So anyway, for me, Ron & Jon are incapable of making a bad movie. Go PatF!

Btw, why is this Disney decade considered the worst among the fans? The only real stinker is probably Chicken Little, every other movie took risks, dealt with important subjects and avoided being formulaic at the same time (something that can't really be said about Disney of the '90s, which, for the record, is my favorite Disney decade). I mean, first you have The Emperor's New Groove which broke that musical mold of the '90s and became hated because of that, then action-heavy Atlantis, emotionally-punching Lilo & Stitch and Brother Bear, a brief return of the musical with Home on the Range, all the way down to Meet the Robinsons and Bolt and their contemporary themes.

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PostPosted: Tue Mar 31, 2009 6:33 pm 
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I bought Treasure Planet a few months ago and watched it for the first time. I liked it a fair bit and don't think it deserves most of the flack it receives.

The story is good, as it is working from good source material, and I would say that the film does have heart. However, what's different with this film is that there is no love story between main characters. Instead, the main relationship is a paternal one between Jim Hawkins and Silver, and I think it works.

The DVD itself is pretty solid, with a very good commentary track (With Clements, Musker and the Producer) and solid bonus features relating to the making of the film. There is also a "Visual Commentary" that integrates the making-of elements into the movie so you watch them in order of where they fit in the film. (an excellent feature that I wish more films had)


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PostPosted: Tue Mar 31, 2009 6:43 pm 
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I love Treasure Planet, especially Jim who is so different and wonderful compared to the bland "every boy/girl" character who usually shows up in Disney films. Jim has a every specific and unique personality that is likable and rateable for me (love his voice too, but not necessarily the actor who does it). Captain Amelia is just friggin' amazing. The look of the film is great and the score by James Newton Howard is fantastic. BEN is the only drawback but he doesn't show up until the last 30 minutes and even during then isn't the main focus or takes away form the storytelling too much.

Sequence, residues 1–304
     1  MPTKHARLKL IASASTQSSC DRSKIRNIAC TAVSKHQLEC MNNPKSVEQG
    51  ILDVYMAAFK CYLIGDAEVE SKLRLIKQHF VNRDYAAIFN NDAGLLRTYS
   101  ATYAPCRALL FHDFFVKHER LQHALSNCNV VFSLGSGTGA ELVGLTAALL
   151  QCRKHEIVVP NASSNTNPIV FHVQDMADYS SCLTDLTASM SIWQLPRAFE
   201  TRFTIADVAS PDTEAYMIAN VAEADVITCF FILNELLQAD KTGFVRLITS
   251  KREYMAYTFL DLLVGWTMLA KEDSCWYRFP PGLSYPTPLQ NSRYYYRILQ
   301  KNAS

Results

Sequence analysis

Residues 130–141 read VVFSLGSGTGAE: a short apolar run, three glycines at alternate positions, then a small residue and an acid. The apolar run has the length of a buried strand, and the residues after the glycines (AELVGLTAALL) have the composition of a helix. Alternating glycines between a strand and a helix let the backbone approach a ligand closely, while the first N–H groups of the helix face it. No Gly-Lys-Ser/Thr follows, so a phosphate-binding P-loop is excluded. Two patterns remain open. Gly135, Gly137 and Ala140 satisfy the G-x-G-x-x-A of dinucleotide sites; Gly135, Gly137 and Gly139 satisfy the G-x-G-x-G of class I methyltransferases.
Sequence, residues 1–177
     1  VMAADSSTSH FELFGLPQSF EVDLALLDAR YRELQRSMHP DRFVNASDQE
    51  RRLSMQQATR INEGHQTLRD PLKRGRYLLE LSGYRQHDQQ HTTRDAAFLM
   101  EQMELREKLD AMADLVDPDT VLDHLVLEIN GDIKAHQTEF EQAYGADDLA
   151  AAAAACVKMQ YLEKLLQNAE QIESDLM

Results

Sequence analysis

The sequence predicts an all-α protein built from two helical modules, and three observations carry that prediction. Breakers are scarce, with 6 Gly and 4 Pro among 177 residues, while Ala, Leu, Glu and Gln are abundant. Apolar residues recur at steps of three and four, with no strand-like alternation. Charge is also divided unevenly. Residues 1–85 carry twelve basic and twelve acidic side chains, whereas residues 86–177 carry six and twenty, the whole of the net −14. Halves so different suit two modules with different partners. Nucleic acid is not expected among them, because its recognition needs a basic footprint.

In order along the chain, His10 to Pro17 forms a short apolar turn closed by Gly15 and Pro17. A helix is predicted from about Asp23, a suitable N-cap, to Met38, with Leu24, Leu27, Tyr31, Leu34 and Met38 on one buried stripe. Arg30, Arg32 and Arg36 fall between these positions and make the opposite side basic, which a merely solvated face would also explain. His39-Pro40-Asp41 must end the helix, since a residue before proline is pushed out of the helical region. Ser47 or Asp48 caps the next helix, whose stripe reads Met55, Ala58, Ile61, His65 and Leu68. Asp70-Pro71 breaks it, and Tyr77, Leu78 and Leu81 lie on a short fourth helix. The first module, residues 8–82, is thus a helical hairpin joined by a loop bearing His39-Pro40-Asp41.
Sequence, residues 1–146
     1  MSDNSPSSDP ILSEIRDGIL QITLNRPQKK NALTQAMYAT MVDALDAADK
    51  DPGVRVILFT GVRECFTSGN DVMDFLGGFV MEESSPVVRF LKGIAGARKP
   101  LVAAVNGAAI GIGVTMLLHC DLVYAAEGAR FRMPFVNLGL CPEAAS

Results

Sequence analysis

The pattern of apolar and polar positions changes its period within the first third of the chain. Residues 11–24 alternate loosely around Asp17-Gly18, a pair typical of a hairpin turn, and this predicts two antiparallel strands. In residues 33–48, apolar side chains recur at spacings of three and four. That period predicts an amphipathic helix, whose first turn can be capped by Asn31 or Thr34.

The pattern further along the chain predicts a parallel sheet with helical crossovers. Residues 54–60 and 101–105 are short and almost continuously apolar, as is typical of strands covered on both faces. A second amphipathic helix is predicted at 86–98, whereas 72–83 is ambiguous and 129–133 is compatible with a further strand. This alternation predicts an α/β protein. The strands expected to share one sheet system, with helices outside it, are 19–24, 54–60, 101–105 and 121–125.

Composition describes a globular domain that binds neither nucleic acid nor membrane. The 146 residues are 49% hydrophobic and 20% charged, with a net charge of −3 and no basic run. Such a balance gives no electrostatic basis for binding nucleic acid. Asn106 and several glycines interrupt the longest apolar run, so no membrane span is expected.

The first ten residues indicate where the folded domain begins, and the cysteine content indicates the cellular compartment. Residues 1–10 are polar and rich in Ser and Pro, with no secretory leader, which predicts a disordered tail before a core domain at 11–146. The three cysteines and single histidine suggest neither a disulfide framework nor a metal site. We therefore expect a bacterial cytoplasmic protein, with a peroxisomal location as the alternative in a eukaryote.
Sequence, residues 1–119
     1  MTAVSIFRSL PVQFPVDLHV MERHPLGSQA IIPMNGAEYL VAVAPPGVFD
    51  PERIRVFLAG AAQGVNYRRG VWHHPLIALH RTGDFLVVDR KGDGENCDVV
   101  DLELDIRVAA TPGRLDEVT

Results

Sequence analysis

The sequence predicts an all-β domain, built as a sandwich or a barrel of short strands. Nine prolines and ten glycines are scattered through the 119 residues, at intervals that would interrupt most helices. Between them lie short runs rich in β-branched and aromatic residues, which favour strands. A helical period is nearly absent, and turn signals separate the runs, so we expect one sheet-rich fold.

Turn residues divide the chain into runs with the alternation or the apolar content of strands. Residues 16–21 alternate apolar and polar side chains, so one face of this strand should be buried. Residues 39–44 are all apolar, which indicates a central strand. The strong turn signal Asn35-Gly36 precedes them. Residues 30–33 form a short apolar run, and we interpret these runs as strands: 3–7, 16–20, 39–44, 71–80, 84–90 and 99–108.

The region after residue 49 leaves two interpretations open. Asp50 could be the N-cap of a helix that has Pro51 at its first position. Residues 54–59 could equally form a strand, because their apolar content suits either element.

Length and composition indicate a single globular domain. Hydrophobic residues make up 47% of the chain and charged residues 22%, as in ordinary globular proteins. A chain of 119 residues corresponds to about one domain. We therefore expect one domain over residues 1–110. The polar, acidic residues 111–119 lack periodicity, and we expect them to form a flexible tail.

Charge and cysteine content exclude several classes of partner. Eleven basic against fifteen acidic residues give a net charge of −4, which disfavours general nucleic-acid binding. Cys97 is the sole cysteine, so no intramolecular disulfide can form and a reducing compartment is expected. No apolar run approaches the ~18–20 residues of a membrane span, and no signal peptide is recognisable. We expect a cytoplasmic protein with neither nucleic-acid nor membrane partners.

I wish I had seen it in IMAX. :(

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PostPosted: Tue Mar 31, 2009 6:57 pm 
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To use a silly pun, Treasure Planet is an underrated treasure. Last time I watched it was last year with my cousins Cricket and Annalise, and they've probably seen it more times than I have.

Stats87 wrote:
There is also a "Visual Commentary" that integrates the making-of elements into the movie so you watch them in order of where they fit in the film. (an excellent feature that I wish more films had)

Ditto.

albert

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PostPosted: Tue Mar 31, 2009 7:10 pm 
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I think the sci-fi/fantasy setting can "rationalized" more if you know the filmmakers intents more, like the 70/30 rule (70% 1800s, 30% sci-fi) and the idea that they weren't so much doing "Treasure Island" in space, but wondering what the book would be like if Robert Louis Stevenson had written it as a space fantasy as opposed to a straight-forward story.

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PostPosted: Tue Mar 31, 2009 11:05 pm